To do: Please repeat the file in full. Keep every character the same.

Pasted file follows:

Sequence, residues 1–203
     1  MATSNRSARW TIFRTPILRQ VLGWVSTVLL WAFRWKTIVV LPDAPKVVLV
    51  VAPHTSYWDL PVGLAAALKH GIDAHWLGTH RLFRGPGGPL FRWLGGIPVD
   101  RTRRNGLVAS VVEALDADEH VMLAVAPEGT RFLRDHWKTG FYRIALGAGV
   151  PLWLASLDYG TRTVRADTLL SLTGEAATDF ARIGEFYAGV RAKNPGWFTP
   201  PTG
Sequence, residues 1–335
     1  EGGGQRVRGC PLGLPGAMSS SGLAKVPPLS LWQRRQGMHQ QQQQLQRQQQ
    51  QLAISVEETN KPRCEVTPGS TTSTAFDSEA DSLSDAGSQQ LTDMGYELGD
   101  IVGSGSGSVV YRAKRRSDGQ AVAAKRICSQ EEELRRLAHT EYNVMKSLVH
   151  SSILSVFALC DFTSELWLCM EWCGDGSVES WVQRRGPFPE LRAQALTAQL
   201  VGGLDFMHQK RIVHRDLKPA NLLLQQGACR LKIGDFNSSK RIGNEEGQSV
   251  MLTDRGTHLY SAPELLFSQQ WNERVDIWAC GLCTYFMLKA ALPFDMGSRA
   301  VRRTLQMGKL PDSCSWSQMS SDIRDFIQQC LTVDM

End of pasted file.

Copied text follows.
Sequence, residues 1–203
     1  MATSNRSARW TIFRTPILRQ VLGWVSTVLL WAFRWKTIVV LPDAPKVVLV
    51  VAPHTSYWDL PVGLAAALKH GIDAHWLGTH RLFRGPGGPL FRWLGGIPVD
   101  RTRRNGLVAS VVEALDADEH VMLAVAPEGT RFLRDHWKTG FYRIALGAGV
   151  PLWLASLDYG TRTVRADTLL SLTGEAATDF ARIGEFYAGV RAKNPGWFTP
   201  PTG
Sequence, residues 1–335
     1  EGGGQRVRGC PLGLPGAMSS SGLAKVPPLS LWQRRQGMHQ QQQQLQRQQQ
    51  QLAISVEETN KPRCEVTPGS TTSTAFDSEA DSLSDAGSQQ LTDMGYELGD
   101  IVGSGSGSVV YRAKRRSDGQ AVAAKRICSQ EEELRRLAHT EYNVMKSLVH
   151  SSILSVFALC DFTSELWLCM EWCGDGSVES WVQRRGPFPE LRAQALTAQL
   201  VGGLDFMHQK RIVHRDLKPA NLLLQQGACR LKIGDFNSSK RIGNEEGQSV
   251  MLTDRGTHLY SAPELLFSQQ WNERVDIWAC GLCTYFMLKA ALPFDMGSRA
   301  VRRTLQMGKL PDSCSWSQMS SDIRDFIQQC LTVDM